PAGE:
Best of The Phoenix Helix Podcast
In support of my own autoimmune health, I’m taking a sabbatical for the month of December and releasing two of my favorite episodes from Season 1 that you might have missed. Today’s episode originally aired 3 years ago, but it’s a timeless topic. Sometimes, we make poor diet and lifestyle choices, even knowing that it will cause us pain. In today’s episode we answer the question: “Why do we do this?” And we also offer a variety of ways to overcome this pattern. Dr. Judy Tsafrir is a psychiatrist who specializes in nutritional approaches to healing, using the GAPS Diet and the Paleo Autoimmune Protocol with her patients. Today, she’ll be teaching us what’s going on in our bodies and brains, when we sabotage our own health. Rory Linehan is the blogger behind The Paleo PI (since retired). He has personal experience overcoming self-sabotage and will be sharing his story today as well.
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- Intro (0:00)
- Thank You to Our Podcast Sponsor – Paleo on the Go (2:57)
- A frozen meal delivery service, they have a large menu of items for the paleo autoimmune protocol (AIP).
- Use the code PHOENIX for 10% off your first order.
- Meet Our Guests (3:57)
- Rory Linehan is the blogger behind The Paleo PI. He got mononucleosis at age 18, that set off health symptoms that never fully recovered: fatigue, facial flushing, and severe dry eye. It took years before he was diagnosed with facial and ocular rosacea. During that time, his health continue to decline and symptoms expanded to include depression, anxiety and digestive distress. Paleo finally turned his health around, particularly the work of Terry Wahls and Sarah Ballantyne. Rory found that focusing on lifestyle and mindset was a key to his healing. Rory’s self-sabotage pattern was hoarding junk food that he would store in his bedroom, and then secretly eat whenever he had a bad day. The way he overcame this pattern was a combination of: (1) changing his mindset and beliefs about himself, (2) creating a vision board that represented his goals which he hung in his bedroom, and (3) making up a list of “safe” paleo treats that would satisfy his need for comfort food on occasion, without sabotaging his healing.
- Dr. Judy Tsafrir is a clinical psychiatrist and also a teacher at Harvard Medical School. Her personal health history and that of her family, taught her that there was more to mental health than medication. She focuses her work on gut health and the gut-brain connection.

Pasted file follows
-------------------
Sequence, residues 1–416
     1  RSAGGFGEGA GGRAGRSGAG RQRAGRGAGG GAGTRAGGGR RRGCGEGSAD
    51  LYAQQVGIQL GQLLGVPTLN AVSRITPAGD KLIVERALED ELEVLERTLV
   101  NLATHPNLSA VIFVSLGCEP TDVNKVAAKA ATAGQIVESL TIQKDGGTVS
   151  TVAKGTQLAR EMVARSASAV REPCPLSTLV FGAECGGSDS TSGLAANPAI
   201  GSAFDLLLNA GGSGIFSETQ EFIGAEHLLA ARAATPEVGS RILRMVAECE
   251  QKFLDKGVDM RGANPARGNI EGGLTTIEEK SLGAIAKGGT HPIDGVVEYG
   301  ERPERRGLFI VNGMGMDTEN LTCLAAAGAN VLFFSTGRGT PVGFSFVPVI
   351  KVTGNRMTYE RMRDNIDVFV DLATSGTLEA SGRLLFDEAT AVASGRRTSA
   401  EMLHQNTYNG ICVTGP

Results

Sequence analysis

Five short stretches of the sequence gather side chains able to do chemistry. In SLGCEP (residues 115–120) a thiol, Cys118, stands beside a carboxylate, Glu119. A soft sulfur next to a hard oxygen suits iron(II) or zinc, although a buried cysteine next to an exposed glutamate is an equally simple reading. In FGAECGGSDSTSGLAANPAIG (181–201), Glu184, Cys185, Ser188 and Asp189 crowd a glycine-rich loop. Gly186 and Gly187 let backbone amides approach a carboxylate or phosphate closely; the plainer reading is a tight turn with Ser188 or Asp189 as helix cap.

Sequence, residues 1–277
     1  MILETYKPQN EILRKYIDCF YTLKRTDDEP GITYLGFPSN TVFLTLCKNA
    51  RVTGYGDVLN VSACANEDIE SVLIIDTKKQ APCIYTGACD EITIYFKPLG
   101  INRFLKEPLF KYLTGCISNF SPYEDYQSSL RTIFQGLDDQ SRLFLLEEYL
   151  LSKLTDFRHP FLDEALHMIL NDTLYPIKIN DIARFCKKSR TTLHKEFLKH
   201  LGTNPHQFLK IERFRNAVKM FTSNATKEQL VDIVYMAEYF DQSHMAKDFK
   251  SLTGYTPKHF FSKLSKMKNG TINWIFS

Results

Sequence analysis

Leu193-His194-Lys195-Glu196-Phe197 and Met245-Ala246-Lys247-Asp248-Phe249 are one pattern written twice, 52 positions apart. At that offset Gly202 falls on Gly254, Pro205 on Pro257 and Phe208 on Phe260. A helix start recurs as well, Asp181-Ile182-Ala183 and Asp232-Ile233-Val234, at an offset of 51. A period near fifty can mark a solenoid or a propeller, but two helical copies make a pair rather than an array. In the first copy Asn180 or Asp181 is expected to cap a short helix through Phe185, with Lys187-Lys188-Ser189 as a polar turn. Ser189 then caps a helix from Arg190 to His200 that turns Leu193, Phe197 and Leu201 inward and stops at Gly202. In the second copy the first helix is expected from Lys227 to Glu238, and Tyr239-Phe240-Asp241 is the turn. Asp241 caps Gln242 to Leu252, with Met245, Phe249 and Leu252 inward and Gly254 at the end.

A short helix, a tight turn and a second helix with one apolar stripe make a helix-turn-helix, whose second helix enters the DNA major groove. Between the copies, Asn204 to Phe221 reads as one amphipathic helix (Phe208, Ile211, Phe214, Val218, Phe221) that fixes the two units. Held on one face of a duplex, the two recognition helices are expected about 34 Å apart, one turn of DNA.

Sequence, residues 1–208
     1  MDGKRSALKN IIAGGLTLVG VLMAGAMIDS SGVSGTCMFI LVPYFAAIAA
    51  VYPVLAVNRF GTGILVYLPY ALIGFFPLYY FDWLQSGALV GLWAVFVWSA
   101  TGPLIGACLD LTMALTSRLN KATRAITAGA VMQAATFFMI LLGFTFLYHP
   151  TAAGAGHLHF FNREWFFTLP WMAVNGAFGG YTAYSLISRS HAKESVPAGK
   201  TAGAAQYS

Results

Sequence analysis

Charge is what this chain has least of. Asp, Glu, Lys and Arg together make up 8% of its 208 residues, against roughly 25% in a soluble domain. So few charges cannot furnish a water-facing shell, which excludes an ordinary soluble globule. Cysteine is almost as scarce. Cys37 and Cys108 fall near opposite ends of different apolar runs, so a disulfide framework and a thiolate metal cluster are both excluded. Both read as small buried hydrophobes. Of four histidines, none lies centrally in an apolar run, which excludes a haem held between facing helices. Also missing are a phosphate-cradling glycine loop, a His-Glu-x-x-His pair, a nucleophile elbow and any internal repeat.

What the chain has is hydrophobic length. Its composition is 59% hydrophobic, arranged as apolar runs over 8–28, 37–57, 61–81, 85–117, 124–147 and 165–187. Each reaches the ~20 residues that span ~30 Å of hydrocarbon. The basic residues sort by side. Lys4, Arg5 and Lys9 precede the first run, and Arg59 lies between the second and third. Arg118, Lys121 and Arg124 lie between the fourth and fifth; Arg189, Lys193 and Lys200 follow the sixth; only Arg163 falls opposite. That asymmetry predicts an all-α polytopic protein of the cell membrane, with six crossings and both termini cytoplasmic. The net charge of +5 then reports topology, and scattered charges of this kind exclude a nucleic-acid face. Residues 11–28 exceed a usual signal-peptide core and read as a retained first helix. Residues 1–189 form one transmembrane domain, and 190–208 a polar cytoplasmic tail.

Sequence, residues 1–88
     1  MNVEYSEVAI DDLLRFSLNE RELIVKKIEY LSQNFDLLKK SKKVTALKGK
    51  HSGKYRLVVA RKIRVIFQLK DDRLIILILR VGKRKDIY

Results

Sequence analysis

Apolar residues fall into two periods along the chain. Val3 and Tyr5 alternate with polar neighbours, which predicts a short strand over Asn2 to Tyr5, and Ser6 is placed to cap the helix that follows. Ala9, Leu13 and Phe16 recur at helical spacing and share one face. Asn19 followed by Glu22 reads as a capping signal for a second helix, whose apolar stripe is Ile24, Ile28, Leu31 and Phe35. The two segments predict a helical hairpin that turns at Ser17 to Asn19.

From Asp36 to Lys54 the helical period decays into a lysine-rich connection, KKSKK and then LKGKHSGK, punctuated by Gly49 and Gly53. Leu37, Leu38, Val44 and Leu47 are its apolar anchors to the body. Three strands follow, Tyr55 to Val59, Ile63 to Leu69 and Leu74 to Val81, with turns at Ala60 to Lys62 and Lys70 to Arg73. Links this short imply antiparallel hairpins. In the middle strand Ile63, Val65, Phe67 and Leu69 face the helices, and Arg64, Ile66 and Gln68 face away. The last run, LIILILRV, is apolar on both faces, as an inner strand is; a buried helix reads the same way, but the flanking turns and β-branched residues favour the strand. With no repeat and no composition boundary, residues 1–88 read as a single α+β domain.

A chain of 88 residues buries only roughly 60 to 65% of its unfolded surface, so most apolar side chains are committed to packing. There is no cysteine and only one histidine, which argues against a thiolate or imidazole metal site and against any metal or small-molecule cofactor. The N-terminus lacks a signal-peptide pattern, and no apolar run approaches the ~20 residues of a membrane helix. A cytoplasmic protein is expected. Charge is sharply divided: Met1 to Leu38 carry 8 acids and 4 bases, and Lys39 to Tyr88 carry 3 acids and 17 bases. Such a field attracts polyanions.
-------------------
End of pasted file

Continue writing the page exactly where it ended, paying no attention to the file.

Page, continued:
- Possible Physiological Triggers for Self-Sabotage Behavior (19:51)
- Brain fog makes it hard to effectively implement a big diet and lifestyle change. Ironically, it’s diet/lifestyle that can eliminate brain fog.
- Inflammation can make us seek comfort through food, and we get trapped in a vicious cycle of increasing inflammation.
- Gut Dysbiosis: sugar is the preferred food for a lot of pathogenic bacteria, and that can drive cravings.
- Excess carbohydrates in the diet cause blood sugar imbalances that lead to more sugar cravings, another vicious cycle.
- Vitamin deficiencies can affect brain function and decision-making. (Walsh Research Institute.)
- Hormones affect food cravings – both sex hormones and stress hormones.
- Possible Emotional Triggers for Self-Sabotage Behavior (32:47)
- Feeling deprived leads to feeling rebellious, even when we’re the ones setting the rules.
- If we lack meaning and purpose in life, we can feel “empty” and fill ourselves with food.
- Childhood issues can manifest as self-sabotage behavior.
- Negative thoughts and beliefs often lead to negative choices.
- Feeling betrayed by our bodies can lead to a desire to “punish” our bodies.
- Fear of change can be a root of self-sabotage, even fear of wellness if we’ve been sick a long time.
- Sometimes we choose “fitting in” over taking care of ourselves. Healing diets are well outside of the mainstream, and our friends and family often tempt us to go off-diet.
- Practical Tips for Overcoming Self-Sabotage (interspersed throughout podcast)
- Write a list of activities that soothe you, which you can choose to do instead of eating unhealthy foods.